What do Gen Yers want? Here’s what often comes up:

  • A focus on results, not just face-time
  • The ability to work from home or from anywhere
  • The flexibility to work when we’re most effective, whether that’s early in the morning or late at night

Sounds familiar, doesn’t it? Workplace flexibility and work-life balance weren’t a Gen Y issue in the beginning. This started with working mothers who found themselves pulled between the demands of family and job. Some fathers were interested in this too, but social conventions stopped it from becoming a real issue. Gen Y of both genders care about work-life balance and flexibility, and not just because of family responsibilities.

I read a lot about work-life balance, and I talk to a lot of people who’ve made decisions either way. I’ve heard how focusing on work can become a vicious cycle: if the rest of your life suffers because of your focus on work, then it’s easier to focus on work and harder to build up the rest of your life to the point where you enjoy it again. I don’t mind the occasional crunch. I want a sustainable pace, and life is too short to work at a company that wants to burn me out instead of help me grow.

Initiatives for workplace flexibility and work-life balance are like the curb-cuts that make cities better for people in wheelchairs: they benefit many more people than the original targets. If you’ve ever rolled a stroller or a suitcase along a busy street, you know how great those curb-cuts are. Flextime, telecommuting, results-only work environments, and other initiatives aren’t just about attracting and retaining Gen Y. They also help companies make the most of other people’s talents: Baby Boomers phasing into semi-retirement, Gen Xers starting to raise their own families, and people who work in non-traditional arrangements.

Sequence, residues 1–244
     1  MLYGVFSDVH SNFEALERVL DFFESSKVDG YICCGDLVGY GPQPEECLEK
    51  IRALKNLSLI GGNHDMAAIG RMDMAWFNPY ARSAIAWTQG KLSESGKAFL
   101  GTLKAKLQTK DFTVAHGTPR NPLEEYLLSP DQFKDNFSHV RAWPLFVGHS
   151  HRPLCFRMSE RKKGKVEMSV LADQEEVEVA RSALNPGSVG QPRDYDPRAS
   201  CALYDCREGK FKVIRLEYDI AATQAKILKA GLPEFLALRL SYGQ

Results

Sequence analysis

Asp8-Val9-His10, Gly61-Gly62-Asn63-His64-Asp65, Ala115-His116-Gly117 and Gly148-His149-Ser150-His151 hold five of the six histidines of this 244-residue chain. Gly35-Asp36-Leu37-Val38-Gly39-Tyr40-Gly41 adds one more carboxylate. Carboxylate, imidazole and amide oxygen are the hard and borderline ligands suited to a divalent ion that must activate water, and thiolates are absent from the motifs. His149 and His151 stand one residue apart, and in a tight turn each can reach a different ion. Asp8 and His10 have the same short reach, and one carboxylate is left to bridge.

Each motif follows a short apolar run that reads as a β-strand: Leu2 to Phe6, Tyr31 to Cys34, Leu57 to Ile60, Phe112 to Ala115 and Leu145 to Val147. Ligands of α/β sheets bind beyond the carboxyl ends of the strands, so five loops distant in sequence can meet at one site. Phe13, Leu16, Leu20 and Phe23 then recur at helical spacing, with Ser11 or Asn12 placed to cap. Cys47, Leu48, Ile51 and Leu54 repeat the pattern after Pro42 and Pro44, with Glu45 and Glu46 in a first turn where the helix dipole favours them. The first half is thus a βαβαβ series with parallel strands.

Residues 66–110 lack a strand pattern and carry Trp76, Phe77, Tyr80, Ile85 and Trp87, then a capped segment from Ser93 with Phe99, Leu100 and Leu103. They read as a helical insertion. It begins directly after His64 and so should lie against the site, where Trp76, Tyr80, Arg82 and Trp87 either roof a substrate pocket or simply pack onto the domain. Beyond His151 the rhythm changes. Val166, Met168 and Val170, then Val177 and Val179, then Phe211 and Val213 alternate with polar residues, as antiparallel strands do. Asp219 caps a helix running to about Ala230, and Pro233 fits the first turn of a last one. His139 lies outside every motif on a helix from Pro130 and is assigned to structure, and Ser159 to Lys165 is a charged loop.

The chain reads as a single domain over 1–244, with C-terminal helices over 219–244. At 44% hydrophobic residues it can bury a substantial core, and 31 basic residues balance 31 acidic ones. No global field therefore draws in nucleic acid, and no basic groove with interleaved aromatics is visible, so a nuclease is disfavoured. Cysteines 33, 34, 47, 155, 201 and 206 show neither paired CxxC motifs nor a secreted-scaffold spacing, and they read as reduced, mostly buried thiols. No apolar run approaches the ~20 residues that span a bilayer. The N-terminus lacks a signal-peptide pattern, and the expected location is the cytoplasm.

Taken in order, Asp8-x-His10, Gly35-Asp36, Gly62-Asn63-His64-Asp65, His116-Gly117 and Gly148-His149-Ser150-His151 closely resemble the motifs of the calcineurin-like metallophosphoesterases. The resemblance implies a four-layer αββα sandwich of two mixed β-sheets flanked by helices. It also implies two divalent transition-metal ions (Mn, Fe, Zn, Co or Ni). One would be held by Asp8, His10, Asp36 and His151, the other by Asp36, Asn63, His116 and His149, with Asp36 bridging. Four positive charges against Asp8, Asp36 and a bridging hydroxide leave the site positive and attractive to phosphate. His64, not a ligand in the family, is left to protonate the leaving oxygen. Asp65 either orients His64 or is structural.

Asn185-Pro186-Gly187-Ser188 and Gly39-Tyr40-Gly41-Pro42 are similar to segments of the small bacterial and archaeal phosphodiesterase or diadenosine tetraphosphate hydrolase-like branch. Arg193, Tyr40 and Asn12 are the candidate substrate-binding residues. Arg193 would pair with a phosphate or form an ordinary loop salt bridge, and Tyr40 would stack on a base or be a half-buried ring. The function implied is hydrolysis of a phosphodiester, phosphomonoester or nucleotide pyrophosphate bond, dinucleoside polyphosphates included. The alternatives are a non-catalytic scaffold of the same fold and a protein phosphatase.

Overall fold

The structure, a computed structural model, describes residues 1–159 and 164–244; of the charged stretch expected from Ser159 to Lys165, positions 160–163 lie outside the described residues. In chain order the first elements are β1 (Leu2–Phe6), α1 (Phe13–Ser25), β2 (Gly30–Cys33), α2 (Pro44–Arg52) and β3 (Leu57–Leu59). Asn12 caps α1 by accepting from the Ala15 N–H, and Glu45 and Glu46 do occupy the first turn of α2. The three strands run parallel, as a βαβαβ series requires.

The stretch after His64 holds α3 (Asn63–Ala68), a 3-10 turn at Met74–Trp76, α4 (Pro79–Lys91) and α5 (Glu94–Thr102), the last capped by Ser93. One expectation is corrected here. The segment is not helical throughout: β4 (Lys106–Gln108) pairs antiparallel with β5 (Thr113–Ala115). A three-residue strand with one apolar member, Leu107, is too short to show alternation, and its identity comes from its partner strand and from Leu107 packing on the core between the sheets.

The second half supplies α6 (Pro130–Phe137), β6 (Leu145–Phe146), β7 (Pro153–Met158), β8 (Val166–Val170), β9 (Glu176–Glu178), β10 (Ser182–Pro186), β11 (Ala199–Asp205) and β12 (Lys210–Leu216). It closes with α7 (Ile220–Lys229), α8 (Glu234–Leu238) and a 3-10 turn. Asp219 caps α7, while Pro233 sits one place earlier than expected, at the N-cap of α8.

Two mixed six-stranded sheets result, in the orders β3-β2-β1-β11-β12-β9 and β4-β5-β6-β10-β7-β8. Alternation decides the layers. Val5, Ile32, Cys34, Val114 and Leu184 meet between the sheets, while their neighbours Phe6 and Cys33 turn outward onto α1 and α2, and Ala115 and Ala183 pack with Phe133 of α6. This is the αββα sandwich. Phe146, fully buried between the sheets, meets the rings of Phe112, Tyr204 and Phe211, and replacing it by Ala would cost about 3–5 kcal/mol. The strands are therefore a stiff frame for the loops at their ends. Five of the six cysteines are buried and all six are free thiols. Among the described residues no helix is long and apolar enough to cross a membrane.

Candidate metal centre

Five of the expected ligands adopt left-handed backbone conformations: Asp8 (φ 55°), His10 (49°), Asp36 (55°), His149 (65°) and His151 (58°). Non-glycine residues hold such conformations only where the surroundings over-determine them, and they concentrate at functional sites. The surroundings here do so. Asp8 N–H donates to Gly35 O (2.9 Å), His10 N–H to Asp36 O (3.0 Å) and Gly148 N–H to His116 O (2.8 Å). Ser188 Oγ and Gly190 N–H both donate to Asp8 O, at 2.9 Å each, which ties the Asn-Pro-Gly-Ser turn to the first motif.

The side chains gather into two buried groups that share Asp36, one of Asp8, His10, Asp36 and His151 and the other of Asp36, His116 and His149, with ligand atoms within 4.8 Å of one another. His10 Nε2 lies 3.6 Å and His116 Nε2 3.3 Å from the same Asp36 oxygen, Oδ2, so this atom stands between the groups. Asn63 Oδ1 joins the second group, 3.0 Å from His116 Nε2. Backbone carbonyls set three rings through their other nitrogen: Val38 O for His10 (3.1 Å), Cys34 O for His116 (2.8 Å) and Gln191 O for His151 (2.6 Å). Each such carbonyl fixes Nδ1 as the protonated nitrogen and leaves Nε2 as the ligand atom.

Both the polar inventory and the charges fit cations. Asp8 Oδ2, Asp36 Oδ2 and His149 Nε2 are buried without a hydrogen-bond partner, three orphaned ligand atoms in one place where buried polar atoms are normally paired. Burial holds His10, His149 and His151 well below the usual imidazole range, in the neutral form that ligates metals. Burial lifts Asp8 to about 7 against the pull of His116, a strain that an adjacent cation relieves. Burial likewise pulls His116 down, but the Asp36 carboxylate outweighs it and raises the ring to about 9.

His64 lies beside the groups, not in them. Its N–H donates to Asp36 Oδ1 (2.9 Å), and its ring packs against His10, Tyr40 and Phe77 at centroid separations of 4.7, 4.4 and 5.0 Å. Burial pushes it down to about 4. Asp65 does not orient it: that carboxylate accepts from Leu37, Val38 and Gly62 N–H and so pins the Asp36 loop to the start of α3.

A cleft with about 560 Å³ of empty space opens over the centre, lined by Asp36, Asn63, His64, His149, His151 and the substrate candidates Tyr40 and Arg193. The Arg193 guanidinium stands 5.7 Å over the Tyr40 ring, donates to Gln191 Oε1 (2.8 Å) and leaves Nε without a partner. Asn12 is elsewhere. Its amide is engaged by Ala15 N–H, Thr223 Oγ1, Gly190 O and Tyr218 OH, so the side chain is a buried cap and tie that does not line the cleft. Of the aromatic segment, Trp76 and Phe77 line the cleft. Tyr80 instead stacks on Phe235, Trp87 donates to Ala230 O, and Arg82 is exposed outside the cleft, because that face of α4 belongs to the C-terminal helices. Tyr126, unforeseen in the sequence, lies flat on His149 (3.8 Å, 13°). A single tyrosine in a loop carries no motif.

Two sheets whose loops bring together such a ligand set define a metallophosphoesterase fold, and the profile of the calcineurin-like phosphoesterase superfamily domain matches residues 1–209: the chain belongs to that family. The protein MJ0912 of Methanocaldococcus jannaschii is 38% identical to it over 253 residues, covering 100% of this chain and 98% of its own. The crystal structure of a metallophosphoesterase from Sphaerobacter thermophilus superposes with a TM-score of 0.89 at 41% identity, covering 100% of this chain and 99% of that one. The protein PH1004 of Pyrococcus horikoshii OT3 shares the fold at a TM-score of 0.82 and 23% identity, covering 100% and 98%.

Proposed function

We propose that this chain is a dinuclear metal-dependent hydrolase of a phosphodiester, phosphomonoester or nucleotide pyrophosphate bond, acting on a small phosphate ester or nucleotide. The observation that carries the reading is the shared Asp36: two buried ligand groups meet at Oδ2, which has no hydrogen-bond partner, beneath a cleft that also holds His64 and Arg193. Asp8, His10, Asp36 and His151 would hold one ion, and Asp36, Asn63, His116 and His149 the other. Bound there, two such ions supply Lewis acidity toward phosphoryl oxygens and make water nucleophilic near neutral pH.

Flexibility and work-life balance: good for everyone.

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Knowledge [shared] is power

| gen-y, social, web2.0

Here’s an excerpt from Aaron Kim’s blog post about meritocracy and social media:

Furthermore, Web 2.0 and Social Media are leveling the professional playing field. Two quotes by Pauline Ores (who is the IBM personification of Social Media Marketing) during the O&M event caught my attention:

  1. In the Social Media world, the most powerful person is the one who shares the most.
  2. Control in Social Media is like grabbing water: the stronger you grab, the less you hold. There’s a right way to retain water, but not by being forceful.